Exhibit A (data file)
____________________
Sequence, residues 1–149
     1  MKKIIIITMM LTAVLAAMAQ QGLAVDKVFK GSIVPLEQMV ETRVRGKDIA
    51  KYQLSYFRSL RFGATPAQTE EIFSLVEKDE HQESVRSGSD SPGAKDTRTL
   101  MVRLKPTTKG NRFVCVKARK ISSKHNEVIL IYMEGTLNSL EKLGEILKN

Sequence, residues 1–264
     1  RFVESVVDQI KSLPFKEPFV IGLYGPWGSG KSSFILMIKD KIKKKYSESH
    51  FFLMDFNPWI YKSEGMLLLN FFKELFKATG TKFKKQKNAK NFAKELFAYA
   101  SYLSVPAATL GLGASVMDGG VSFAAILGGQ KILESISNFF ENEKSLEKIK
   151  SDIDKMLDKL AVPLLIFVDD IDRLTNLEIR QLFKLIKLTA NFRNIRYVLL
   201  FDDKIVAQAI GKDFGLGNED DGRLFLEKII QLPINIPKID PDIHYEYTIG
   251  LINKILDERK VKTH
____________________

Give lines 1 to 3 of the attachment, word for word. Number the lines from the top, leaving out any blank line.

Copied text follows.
Sequence, residues 1–149
     1  MKKIIIITMM LTAVLAAMAQ QGLAVDKVFK GSIVPLEQMV ETRVRGKDIA
    51  KYQLSYFRSL RFGATPAQTE EIFSLVEKDE HQESVRSGSD SPGAKDTRTL